1 / 6: The two poetry-based songs that bookend the album (both poems reference tsunamis and floods).

2 / 5: Moving inwards... A Missage named in reference to the flood in Winnie-the-Pooh, provides a calm-before-the-storm moment, while its counterpart It's Not But Damn has a part in the middle that we call Tsunami, for obvious reasons when you listen to it.

3 / 4: The middle tracks The Mouse Principle and Laws Of Slow Motion... don't bear any specific diluvian-centric reference, but you can feel how Mouse hits like a wave coming in, while Slo-mo pulls you back in a fleeting respite.

The Greek for flood is 'kataklysmos', so the theme feels rather apposite as we ponder the times we found ourselves in. The feeling of being gradually engulfed by things we can't control is sort of reflected in the flow of the album.

I think quoting this at length to set the scene is interesting and I hope it will spur on people, not just psyche fans, to listen to it.

The album kicks off with the loping psych-pop gem Encyclica. A catchy melody to the vocal line that is absolutely lovely, backed by shining guitars over an organ based drone. A lost classic from 1967!

They pack a lot into A Missage's shuffling groove. It brims with subtle energy, engaging flute lines and great use of wah-wah guitar. The Mouse Principle is possibly the band at their most progressive rock. Fast-paced but often switches around for slower parts making use of quiet saxophone.

The blues steeped psyche of Laws Of Slow Motion is an absolute delight. A slow rolling ballad with slide guitar, wordless choral voices and even has the cheek to go all funky in the last minute or so. Terrific, just terrific.

Dark organ, bass and drums open It's Not But Damn has floating guitar lines, a bit of dissonant piano and a blistering guitar solo. Then to close Diluvian Beat the vocals return. Trumpets Of The Latter Day is a Canterbury infused psyche track, in the spirit of Kevin Ayres, Soft Machine and Matching Mole. It has an orchestral density to it as well. A fitting rounding off to the album.

La Horsa Bianca's Diluvian Beat is arguably the best of their first three albums for me if I had to pick just one, but there is only a cigarette paper between all three.

On to number four.

La Horsa Bianca — Polemosophy

La Horsa Bianca - Polemosophy
Polemosophy I (6:01), Diaschisis (5:48), Polemosophy II (5:57), Akinesis (3:57), Hyperkinesis (2:58), Polemosophy III (6:38), Pseudesthesia (5:43), Isorropia (3:49)
Martin Burns

The latest release from the psych / space warriors La Horsa Bianca is quite a different beast from their debut album. And this is because of the reasons the band give.

Polemosophy is a suite
that takes a journey through our headspace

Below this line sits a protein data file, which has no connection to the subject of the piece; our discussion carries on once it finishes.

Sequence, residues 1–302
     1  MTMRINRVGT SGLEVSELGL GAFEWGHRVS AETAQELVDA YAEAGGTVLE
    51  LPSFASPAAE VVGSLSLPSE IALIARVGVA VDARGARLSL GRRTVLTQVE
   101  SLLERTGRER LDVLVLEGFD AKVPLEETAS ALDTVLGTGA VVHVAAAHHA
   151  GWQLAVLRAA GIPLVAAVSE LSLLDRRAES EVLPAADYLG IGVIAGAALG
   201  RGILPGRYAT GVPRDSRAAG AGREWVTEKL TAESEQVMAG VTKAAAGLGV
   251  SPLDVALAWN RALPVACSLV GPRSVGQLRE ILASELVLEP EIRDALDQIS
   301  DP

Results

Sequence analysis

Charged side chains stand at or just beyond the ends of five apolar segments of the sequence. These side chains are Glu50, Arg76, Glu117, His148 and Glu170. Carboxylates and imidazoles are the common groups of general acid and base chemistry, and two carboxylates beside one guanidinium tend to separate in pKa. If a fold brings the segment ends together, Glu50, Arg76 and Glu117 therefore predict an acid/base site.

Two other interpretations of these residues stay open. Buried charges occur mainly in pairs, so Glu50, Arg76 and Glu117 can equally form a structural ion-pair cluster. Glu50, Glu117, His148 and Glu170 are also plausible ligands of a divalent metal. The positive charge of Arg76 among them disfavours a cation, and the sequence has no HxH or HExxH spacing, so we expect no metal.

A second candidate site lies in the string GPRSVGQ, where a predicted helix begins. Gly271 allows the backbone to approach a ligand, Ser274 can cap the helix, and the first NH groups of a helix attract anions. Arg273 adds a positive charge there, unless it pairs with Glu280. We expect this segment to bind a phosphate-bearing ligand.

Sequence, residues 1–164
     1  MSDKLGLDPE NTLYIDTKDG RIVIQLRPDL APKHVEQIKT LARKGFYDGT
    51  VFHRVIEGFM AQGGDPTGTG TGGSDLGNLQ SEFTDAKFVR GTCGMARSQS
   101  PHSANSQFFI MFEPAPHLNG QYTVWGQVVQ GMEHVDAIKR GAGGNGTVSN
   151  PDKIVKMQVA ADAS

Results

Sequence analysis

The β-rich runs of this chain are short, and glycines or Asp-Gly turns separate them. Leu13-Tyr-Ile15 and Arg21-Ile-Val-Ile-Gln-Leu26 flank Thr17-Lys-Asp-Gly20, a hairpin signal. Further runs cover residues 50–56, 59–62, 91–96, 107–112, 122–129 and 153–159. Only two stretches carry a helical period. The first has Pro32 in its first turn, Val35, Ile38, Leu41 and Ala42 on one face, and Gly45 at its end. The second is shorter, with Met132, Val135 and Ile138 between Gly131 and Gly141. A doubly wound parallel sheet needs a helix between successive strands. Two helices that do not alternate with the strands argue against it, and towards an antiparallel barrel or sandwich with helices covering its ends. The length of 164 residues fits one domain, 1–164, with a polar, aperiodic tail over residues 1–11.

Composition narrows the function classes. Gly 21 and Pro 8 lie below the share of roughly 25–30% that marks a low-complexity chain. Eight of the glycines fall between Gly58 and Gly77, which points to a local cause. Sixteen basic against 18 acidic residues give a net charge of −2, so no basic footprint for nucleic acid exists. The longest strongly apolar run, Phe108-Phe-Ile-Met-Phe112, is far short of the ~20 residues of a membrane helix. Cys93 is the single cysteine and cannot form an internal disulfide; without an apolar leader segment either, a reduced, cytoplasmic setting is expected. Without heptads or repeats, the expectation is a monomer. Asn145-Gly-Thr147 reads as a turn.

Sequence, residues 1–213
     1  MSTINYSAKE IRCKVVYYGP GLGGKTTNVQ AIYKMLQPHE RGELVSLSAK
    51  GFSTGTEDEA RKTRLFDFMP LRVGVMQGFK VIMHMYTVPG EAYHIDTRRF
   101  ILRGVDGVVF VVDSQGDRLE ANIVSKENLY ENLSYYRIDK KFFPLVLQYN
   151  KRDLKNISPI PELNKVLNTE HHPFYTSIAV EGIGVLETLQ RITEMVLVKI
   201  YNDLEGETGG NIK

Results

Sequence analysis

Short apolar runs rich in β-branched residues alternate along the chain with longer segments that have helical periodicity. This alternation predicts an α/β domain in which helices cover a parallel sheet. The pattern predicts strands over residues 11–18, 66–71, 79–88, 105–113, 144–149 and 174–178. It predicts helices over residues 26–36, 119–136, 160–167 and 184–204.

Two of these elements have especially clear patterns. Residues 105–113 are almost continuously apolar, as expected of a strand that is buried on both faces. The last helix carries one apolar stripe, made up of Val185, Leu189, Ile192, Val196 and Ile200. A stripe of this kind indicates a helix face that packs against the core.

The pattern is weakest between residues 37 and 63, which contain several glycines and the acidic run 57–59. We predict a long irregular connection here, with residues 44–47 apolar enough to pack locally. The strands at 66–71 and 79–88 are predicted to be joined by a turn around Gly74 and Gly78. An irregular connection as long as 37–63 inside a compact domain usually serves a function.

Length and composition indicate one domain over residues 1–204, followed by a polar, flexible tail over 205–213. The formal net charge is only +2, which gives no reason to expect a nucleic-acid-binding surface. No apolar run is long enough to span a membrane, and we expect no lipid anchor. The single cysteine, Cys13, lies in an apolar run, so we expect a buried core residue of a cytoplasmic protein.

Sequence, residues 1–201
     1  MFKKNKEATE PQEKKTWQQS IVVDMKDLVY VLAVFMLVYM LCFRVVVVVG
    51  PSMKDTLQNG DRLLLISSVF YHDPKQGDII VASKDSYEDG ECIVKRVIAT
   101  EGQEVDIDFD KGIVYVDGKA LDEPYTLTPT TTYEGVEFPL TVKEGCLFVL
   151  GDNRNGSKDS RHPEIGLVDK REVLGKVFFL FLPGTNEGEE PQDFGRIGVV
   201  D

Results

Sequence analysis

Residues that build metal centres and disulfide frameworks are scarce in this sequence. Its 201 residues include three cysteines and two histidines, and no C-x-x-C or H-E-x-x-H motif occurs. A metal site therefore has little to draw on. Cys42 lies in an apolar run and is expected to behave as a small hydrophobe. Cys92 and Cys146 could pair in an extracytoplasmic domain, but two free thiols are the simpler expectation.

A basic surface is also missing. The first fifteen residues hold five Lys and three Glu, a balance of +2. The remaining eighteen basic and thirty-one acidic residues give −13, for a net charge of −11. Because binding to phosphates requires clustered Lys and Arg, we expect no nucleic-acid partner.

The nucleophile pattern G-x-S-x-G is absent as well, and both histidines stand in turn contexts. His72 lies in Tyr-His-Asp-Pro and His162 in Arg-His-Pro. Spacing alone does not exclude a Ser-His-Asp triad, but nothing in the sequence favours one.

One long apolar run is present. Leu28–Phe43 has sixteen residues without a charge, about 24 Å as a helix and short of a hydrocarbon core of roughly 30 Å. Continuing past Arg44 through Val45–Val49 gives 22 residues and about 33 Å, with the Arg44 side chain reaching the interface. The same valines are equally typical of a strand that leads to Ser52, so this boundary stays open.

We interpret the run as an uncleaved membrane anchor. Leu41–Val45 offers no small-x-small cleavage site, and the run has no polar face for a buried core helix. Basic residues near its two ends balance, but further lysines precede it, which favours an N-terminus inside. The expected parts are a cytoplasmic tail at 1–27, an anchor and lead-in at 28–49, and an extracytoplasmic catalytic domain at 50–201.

as we find ourselves in a war zone
the size of our entire country
(which is pretty damn big)

Various mental cul-de-sacs
where our minds get caught
transform into wordless stories
that help us become unstuck
at least for a bit

Let it take you somewhere

And on the recording of the new album:

We wouldn't be able to pretend that our music exists in a parallel universe where there's no war; neither could we wrestle ourselves into making something decidedly uplifting, nor resort to the musical equivalent of primal scream therapy. The angle had to be different, and it was:

  • examine the mental states we go through day by day;
  • notice that most of them are uncomfortable;
  • notice that even the best ones contain an undercurrent of doom;
  • notice that the shared undercurrent does not stop them from varying wildly;
  • use those states as starting points and create something that serves as a way out of them.'

A word the band claims means "knowledge of war", Polemosophy takes an understandably different tack from Somatic Schematic, bringing out some of their ambient side. Especially on the drifting and rather dull atmosphere of Diaschisis. It feels like an extended and complacent ambient jam.

The opener Polemosophy I is a strange track that features stabbing, repeat chords from combinations of various instruments but seems to me oddly static. Even the heavier section does nothing to lift this.

Things take an up turn with Polemosophy II. It has a loping, bass driven groove that has a sense of momentum, pushing forward through multiple keyboard lines and a fine guitar solo. The bass plays a great role in the hypnotic mid-paced groove of Akinesis and aptly named Hyperkinesis' mad full-on rush.

Erik Satie-like piano opens Polemosophy III before synths and strident guitar take over. Energetic sax rises and fall before some well thought through guitar soundscapes take centre stage.

The last two tracks also have their problems. Pseudesthesia's keyboards, church organ, sax and flute are on a slow build to an ambient nowhere. Lastly, Isorropia has a Frank Zappa touch to its staccato, and partially discordant melody that has a throwing everything at the wall to see what sticks arrangement.

For me, La Horsa Bianca's Polemosophy would be improved by changing the running order of the tracks. Splitting up the three parts of the title track reduces its impact and moving other ones around would put the whole into a better context. I wish I had liked this more and I applaud La Horsa Blanca for not just repeating what they have done before and trying to change things up.

I will have to have a listen to the albums released between the first and the last to see how they got here, maybe then some of its less palatable parts will make more sense.

Album Reviews